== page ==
Calgary·Q&A

Electric car chargers spread across Alberta in light of new incentives to ditch fossil fuels

A new network of electric charging stations is growing across Alberta and into B.C.

Federal government offers $5K as part of its plan to tackle climate change

Electric car charging station in Toronto, Ont. (David Donnelly/CBC)

A new network of electric charging stations is growing across Alberta and into B.C.

The federal government recently announced incentives for people to buy electric vehicles as part of its plans to tackle climate change. It's offering $5,000 if you buy an electric car under a certain price point.

Jen Grebeldinger, the communications lead for the Community Energy Association, which facilitates the Peaks to Prairies charging network, spoke to the Calgary Eyeopener on Thursday about the growth in charging stations across southern Alberta.

This interview has been edited for clarity and length.

Q: What do you make of the announcement by the federal government?

A. It's going to be a huge boost for electric vehicle sales. It's going to get to people who are already interested in these and those who are considering purchasing a new car and it's going to tip them over to it being a really great option.

Q: Do you know how they chose which vehicles were in and which vehicles were out, because I see both electric vehicles and some hybrids here?

A. This is in response to making sure it's not perceived that they're buying luxury cars for people who can really afford to pay the full price, so they've chosen full electric.

This is really linked to emissions. This is obviously very much tied to their climate plans and action plan. Plug-in hybrid vehicles have a lower, $2,500 incentive because, of course, they don't remove as many emissions from the roads.

The Chevy Bolt has an electric range of nearly 400 kilometres. (General Motors)

Q: If I buy an electric car, where can I charge it in Alberta?

A: There's two types of charging: Level 2 charging, which as you know is more of a full day, 240-volt charging, and then fast charging, which is really the one that people want when they're heading on the road for a trip.

Right now, fast charging is pretty isolated to city centres.

We've got one in Calgary, Red Deer, Edmonton, and then of course more on the B.C. side. In places like southern Alberta, there just isn't options for fast charging, so especially in the winter, if you have an electric car, it's really challenging to get out or into that region.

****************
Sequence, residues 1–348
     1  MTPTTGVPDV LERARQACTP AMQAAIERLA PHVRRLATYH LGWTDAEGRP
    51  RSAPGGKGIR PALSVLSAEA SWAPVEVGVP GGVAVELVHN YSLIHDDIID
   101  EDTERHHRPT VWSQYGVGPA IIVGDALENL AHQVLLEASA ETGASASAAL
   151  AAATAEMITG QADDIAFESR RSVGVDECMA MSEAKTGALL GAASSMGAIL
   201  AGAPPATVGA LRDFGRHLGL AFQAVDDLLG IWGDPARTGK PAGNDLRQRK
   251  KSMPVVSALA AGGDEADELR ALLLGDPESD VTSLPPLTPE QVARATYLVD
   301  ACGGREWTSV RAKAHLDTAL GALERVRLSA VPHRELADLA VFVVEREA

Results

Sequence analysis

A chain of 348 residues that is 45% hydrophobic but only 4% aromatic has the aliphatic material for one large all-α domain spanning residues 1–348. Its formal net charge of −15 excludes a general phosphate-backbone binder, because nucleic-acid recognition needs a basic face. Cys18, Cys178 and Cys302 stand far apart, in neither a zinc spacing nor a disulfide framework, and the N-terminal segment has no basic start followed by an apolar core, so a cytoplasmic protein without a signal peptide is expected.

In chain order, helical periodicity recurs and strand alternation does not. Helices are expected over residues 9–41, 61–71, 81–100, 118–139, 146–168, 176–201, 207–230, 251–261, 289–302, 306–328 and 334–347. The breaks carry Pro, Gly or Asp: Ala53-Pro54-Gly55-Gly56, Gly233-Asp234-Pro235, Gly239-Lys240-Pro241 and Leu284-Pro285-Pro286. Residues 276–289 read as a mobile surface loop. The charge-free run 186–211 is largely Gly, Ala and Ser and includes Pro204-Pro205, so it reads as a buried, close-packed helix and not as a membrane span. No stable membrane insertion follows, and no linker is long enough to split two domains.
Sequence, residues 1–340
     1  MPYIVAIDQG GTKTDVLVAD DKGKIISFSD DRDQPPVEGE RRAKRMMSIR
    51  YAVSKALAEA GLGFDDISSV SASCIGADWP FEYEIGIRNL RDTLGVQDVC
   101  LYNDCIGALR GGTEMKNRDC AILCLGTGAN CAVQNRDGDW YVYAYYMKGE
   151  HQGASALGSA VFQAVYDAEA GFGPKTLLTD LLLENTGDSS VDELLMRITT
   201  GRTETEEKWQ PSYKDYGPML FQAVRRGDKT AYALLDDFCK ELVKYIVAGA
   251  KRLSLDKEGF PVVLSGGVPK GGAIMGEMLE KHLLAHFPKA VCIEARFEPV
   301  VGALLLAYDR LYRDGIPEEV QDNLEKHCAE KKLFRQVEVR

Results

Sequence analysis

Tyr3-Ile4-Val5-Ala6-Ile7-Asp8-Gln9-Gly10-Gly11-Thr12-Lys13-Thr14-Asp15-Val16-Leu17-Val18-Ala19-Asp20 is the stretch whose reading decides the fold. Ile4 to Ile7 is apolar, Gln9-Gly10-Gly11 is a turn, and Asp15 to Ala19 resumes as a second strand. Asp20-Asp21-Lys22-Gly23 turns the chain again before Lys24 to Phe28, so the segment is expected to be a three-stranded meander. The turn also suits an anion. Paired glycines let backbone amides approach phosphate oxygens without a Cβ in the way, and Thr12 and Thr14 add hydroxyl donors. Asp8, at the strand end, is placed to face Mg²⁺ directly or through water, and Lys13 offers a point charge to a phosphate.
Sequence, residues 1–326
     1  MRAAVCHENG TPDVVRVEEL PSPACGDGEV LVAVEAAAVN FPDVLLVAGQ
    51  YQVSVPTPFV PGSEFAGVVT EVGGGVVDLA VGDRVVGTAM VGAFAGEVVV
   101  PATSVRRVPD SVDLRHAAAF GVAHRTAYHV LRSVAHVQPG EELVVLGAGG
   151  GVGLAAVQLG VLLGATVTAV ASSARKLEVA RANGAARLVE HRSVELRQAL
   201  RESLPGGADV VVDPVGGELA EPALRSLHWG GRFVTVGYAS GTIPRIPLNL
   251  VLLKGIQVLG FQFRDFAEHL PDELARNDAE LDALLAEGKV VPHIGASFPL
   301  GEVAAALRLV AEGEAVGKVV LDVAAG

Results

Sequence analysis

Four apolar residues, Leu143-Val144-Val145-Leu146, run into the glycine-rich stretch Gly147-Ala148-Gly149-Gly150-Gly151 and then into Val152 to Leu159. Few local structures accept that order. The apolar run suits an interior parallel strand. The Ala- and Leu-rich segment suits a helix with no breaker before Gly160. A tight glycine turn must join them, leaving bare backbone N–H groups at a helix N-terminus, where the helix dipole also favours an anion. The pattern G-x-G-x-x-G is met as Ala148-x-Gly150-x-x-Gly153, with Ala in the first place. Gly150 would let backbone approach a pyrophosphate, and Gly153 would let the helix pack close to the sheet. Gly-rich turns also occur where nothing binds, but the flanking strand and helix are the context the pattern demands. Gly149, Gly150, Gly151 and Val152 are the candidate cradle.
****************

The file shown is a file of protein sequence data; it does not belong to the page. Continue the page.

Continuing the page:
That's where Peaks to Prairies comes in to alleviate that barrier and facilitate regional travel with a fast charging network.

Q: Are you hoping to be that difference maker?

A: Yes. So the Peaks to Prairies network, which is really started by partners from that region, like the cities of Calgary, Medicine Hat, Lethbridge and Medicine Hat College. 

People want to travel to our region from Calgary, from Edmonton, from B.C., from Montana, but they can't get here. So that's where this network is going to put 20 fast chargers so that people from Calgary can get to Banff, can get to Canmore, can get down to Fort Macleod, Pincher Creek or Waterton. They have those options and they can travel where they want as opposed to where they must.

It does remove that "range anxiety," as it's called, from travelers.

Q: Do you charge by the charge?

A: The drivers will be charged a fee.

Q: How far away are you from making this network a reality?

A: We're about a month away from installing the first one. We launched the project in Lethbridge in February and that's going to be the first station.… We are anticipating all that 20 stations will be installed by December.

About the Author

Stephen Hunt

Digital Writer

Stephen Hunt is a digital writer at the CBC in Calgary. Email: stephen.hunt@cbc.ca

With files from the Calgary Eyeopener

Comments

To encourage thoughtful and respectful conversations, first and last names will appear with each submission to CBC/Radio-Canada's online communities (except in children and youth-oriented communities). Pseudonyms will no longer be permitted.

By submitting a comment, you accept that CBC has the right to reproduce and publish that comment in whole or in part, in any manner CBC chooses. Please note that CBC does not endorse the opinions expressed in comments. Comments on this story are moderated according to our Submission Guidelines. Comments are welcome while open. We reserve the right to close comments at any time.